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Orthodox Christian Mamas - Page 2

post #21 of 126
All the best to those who are keeping the Dormition fast.
post #22 of 126
Thread Starter 
I found vegetable bullion cubes! They were in the GOYA section of the grocery. I still plan on trying the recipe for making my own veggie broth, but this is nice to keep in the cabinet
post #23 of 126
Quote:
Originally Posted by mommaduck View Post
I found vegetable bullion cubes! They were in the GOYA section of the grocery. I still plan on trying the recipe for making my own veggie broth, but this is nice to keep in the cabinet
Yes, those are the ones I use. I will sometimes cook couscous or rice in water with one bullion cube. Adds some flavor.
post #24 of 126
Quote:
Originally Posted by mamabadger View Post

It used to cost us more to eat during lents, until I stopped trying to find substitutes for meat and dairy foods. Vegan meat imitations, soy products and such cost a fortune, but standard dishes like vegetable soups and stews are fairly cheap. Any place which is/was largely Orthodox will have plenty of traditional lenten recipes; try a Greek or Ethiopian cookbook for ideas. My kids also liked raw veggies with dip; whole wheat pita bread with hummous; dal; chana masala (curried chickpeas with rice); tabouli; and anything made with pasta. They are all pretty cheap to make.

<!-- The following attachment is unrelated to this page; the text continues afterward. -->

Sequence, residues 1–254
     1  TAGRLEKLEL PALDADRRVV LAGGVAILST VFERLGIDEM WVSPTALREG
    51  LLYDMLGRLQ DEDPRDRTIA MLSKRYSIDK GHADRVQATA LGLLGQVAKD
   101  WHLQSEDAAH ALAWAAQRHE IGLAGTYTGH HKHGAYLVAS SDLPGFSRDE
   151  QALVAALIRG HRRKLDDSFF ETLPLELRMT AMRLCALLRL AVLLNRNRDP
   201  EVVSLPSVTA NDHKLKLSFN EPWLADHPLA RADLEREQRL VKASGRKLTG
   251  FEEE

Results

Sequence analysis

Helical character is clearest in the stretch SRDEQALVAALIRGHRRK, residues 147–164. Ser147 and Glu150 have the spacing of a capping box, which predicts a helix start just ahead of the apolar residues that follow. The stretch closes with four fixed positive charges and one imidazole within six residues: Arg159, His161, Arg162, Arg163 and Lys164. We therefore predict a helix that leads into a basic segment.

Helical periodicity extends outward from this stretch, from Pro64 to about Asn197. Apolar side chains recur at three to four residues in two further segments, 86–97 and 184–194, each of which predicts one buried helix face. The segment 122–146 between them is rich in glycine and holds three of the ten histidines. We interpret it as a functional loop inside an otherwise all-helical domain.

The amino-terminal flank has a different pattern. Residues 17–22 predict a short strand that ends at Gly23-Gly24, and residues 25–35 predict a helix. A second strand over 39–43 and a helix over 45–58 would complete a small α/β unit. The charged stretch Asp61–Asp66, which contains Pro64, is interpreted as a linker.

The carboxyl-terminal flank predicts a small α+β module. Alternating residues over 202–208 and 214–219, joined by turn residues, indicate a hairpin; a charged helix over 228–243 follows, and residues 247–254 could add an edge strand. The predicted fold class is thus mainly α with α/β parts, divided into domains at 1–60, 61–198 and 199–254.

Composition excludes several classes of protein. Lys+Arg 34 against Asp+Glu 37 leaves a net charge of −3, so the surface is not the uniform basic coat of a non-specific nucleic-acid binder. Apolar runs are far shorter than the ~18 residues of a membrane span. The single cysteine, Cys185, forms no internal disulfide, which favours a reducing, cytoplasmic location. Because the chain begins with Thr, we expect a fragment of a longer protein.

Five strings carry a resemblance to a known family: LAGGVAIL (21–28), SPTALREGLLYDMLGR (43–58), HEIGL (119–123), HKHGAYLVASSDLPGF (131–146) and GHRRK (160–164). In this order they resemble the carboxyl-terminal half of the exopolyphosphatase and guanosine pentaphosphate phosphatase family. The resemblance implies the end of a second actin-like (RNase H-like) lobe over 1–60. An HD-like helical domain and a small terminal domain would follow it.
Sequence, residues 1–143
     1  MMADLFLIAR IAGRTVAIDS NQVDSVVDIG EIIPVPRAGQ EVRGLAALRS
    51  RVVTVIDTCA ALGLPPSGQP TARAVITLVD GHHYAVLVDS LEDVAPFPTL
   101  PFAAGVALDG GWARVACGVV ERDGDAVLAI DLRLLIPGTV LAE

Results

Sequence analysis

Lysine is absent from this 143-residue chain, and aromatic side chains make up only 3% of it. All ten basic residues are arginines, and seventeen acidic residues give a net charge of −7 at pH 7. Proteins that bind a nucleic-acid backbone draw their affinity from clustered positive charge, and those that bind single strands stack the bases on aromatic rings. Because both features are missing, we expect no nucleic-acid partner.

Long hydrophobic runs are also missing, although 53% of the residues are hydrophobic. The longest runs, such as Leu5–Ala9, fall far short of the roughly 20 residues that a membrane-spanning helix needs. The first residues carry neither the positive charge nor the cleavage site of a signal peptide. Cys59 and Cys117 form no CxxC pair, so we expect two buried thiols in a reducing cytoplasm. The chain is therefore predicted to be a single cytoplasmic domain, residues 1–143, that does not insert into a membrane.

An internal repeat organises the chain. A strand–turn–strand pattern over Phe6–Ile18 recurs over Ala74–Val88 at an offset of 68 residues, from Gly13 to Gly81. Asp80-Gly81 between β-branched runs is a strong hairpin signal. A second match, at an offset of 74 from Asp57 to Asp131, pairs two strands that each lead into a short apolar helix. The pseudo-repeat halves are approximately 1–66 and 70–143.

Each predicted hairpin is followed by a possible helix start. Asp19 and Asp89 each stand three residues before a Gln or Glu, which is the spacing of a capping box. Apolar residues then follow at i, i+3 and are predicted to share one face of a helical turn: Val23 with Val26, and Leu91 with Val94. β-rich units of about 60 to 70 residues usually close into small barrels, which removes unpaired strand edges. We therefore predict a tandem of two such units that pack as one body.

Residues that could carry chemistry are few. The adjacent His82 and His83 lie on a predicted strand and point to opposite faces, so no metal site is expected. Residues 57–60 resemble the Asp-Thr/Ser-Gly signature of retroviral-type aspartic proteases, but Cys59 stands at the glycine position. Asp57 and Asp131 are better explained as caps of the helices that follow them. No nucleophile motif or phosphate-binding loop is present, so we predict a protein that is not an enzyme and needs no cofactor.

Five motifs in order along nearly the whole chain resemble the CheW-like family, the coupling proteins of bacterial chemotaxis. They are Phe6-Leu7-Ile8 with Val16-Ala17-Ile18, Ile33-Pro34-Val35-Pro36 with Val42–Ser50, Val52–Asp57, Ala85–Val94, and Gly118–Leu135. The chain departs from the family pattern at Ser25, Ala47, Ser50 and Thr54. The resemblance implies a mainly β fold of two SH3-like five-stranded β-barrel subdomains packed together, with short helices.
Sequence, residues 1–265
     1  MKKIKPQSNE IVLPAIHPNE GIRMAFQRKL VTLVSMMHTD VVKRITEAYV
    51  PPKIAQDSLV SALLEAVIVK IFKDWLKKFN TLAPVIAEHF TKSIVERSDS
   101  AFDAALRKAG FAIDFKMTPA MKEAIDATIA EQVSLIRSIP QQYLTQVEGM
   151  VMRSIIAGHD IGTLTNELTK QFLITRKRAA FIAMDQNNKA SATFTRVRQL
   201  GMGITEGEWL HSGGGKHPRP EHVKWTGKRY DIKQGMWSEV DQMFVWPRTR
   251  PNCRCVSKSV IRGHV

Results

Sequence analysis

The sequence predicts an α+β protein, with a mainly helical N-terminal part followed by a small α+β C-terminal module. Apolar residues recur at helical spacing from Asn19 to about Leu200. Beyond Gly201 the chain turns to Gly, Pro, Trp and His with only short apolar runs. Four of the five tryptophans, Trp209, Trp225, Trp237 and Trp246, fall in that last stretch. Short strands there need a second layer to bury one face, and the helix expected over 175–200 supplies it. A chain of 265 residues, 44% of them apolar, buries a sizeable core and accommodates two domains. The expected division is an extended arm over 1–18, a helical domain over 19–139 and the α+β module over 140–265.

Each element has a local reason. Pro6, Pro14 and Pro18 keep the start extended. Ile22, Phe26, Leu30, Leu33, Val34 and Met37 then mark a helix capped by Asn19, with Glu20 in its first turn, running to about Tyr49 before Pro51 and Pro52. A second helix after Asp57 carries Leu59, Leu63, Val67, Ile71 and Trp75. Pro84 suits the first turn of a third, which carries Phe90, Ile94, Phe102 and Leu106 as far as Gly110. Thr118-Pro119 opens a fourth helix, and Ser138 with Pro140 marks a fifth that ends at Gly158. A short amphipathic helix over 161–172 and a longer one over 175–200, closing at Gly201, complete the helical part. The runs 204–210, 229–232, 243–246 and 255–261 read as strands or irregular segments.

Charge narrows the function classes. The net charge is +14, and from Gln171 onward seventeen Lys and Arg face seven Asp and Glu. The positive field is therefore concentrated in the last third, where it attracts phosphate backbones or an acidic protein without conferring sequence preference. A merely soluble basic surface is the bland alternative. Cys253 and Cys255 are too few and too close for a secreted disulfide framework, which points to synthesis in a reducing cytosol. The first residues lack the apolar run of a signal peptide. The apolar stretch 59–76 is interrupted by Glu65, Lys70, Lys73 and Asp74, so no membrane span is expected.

That reminds me of something I've been curious about. How many of you fast with little or no "fake" stuff? I don't mean margarine (I grew up on the stuff, so to me that's not fake), but stuff like soy milk, etc.? I was buying only soy milk to put on cereal and in tea, but I'd rarely use it up before it went bad. I guess tofu is different since it's not a fake product, so much, but eaten in Asian cultures.

You know, this stuff has only been available to use in mainstream western society for what, maybe 15-20 years? The traditionally Orthodox cultures have all gotten along for centuries without this stuff. I'll do a bagel for breakfast, or perhaps I should try oatmeal.
post #25 of 126
I rarely use fake stuff (except for the occasional fake bbq ribbies which are sooooo good that I am fairly certain this is how God intended them and the meat ones are the fake ones but I digress....)

We do keep almond milk in the house for cereal and coffee and baking and such but we use this all the time. It seems far more normal than using cow milk to me. And since almond and coconut milk are normal so are almond and coconut ice cream.

The only fake fake, impersonating the real stuff, stuff I really use a lot of are fake cream cheese and a little fake other cheese. again though I never use the "real" stuff.....even when I am not fasting.

I do make fake chicken (out of gluten) but we don't think of it as fake chicken. it just is what it is. and while I call my tempeh kelp salad "fake tuna salad" it really again just is what it is.